The Influence of Health Behaviors During Childhood on Adolescent Health Behaviors, Health Indicators, and Academic Outcomes Among Participants from Hawaii.

Auteur(s) :
Nigg CR., Amato K.
Date :
Sep, 2014
Source(s) :
International journal of behavioral medicine. # p
Adresse :
Office of Public Health Studies, University of Hawaii, 1960 East-West Road, Honolulu, HI, 96822, USA,

Sommaire de l'article


Health behaviors during childhood may influence adolescent health behaviors and be related to other important outcomes, but no longitudinal research has examined this in a multicultural population in Hawaii to date. This study investigated if childhood moderate to vigorous physical activity (MVPA), fruit and vegetable consumption, and sedentary behavior influence adolescent (1) MVPA, fruit and vegetable consumption, and sedentary behavior; (2) body mass index (BMI) percentile, general health, and stress; and (3) school marks and school absenteeism.


Three cohorts of public elementary school children (fourth to sixth graders) who participated in a state-mandated after-school program in 2004, 2005, and 2006 completed baseline (demographics, MVPA, fruit and vegetable consumption, and sedentary behavior) and 5-year follow-up surveys (demographics, MVPA, fruit and vegetable consumption, and sedentary behavior; BMI, general health, stress, school marks, and absenteeism; combined follow-up n = 334; 14.76 ± 0.87 years old; 55.1 % female; 53 % Asian, 19.8 % Native Hawaiian/other Pacific Islander, 15.3 % White, and 11.9 % other).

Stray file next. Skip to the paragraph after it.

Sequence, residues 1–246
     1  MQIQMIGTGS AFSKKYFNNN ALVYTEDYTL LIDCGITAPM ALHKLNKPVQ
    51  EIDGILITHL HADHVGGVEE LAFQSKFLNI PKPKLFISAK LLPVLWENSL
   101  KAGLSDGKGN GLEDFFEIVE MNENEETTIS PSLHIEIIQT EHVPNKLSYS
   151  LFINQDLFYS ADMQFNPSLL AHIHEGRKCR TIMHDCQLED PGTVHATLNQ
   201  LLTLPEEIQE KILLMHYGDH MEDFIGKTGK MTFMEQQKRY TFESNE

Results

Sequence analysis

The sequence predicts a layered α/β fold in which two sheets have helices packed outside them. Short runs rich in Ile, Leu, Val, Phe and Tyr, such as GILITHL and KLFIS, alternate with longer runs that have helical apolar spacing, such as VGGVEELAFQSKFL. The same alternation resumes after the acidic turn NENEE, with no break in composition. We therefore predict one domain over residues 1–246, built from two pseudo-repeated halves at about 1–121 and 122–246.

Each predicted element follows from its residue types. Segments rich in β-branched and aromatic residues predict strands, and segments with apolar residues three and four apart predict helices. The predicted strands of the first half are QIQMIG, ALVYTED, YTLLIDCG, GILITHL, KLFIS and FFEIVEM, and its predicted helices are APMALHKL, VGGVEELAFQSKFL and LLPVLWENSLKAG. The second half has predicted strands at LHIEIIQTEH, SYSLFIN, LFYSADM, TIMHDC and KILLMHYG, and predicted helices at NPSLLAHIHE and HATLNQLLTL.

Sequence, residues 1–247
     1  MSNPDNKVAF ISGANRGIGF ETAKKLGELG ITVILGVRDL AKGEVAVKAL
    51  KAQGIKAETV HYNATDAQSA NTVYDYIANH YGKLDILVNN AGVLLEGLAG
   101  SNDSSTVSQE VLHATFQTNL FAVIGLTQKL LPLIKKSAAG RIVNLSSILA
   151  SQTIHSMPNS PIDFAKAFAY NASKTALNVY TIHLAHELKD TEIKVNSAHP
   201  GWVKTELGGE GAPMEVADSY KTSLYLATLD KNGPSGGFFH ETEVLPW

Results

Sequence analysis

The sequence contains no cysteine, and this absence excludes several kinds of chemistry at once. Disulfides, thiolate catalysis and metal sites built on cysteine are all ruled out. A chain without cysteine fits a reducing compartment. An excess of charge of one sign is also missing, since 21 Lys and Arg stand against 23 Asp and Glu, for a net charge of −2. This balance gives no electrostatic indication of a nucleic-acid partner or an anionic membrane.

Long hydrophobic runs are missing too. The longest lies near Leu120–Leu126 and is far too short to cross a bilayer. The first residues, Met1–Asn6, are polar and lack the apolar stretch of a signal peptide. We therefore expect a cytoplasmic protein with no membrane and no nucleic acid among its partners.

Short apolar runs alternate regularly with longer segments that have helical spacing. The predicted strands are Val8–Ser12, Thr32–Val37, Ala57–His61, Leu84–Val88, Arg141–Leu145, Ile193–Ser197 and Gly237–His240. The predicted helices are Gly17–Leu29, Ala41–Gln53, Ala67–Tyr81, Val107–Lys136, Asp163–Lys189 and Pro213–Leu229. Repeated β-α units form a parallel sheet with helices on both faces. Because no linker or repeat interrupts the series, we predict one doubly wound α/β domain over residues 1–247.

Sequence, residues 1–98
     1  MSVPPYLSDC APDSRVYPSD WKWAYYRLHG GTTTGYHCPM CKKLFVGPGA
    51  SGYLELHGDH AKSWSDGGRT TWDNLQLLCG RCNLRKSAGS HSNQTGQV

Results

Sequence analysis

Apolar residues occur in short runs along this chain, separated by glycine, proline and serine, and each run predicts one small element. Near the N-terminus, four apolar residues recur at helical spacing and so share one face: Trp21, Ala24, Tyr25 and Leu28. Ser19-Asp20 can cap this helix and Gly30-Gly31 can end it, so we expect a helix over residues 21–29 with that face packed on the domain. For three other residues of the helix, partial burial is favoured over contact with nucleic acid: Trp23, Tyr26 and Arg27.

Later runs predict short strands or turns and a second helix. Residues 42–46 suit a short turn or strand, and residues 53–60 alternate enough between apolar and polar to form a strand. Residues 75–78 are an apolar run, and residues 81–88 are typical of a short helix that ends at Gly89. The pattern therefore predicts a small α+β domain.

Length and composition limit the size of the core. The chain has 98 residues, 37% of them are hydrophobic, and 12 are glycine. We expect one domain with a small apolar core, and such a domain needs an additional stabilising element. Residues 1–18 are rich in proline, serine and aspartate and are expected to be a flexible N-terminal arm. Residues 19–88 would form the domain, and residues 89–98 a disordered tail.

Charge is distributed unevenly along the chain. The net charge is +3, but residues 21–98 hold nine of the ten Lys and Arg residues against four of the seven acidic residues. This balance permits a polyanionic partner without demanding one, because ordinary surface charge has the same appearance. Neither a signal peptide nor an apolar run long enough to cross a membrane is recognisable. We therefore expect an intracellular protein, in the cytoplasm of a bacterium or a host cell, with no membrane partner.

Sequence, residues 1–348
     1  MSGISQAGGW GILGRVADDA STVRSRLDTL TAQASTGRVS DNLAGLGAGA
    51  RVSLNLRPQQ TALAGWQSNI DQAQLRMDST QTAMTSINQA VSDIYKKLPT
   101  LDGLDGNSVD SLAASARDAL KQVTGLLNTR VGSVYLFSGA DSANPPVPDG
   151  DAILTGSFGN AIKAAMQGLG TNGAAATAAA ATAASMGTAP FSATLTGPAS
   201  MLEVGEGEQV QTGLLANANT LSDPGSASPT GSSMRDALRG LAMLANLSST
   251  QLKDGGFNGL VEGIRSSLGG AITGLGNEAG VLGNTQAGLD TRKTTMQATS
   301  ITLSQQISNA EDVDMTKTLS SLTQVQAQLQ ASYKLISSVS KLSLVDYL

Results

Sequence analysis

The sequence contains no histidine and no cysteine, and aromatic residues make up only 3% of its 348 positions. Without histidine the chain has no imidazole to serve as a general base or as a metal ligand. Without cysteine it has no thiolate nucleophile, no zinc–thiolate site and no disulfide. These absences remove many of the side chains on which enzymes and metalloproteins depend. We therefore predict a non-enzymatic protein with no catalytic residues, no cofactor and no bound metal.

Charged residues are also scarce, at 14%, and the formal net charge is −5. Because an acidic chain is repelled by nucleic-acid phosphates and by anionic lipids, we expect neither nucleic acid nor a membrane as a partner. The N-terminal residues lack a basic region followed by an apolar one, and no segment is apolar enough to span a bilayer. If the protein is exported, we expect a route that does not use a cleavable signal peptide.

Regressions found that childhood MVPA (mean [m] = 45.42, standard deviation [SD] = 31.2 min/day) and fruit and vegetable consumption (m = 6.96, SD = 4.54 servings/day) predicted these behaviors in adolescence (m = 47.22, SD = 27.04 min/day and m = 4.63, SD = 3.03 servings/day, respectively, p < 0.05). Childhood sedentary behavior (m = 3.85, SD = 2.85 h/day)) predicted adolescent BMI percentile (m = 60.93, SD = 28.75, p < 0.05). Childhood fruit and vegetable consumption and sedentary behavior negatively predicted adolescent marks (B average, p < 0.05).


Childhood health behaviors do influence adolescent health behaviors, some health outcomes, and some academic indicators in this population, especially childhood sedentary behavior, which underlines the importance of sedentary behavior interventions.

Source : Pubmed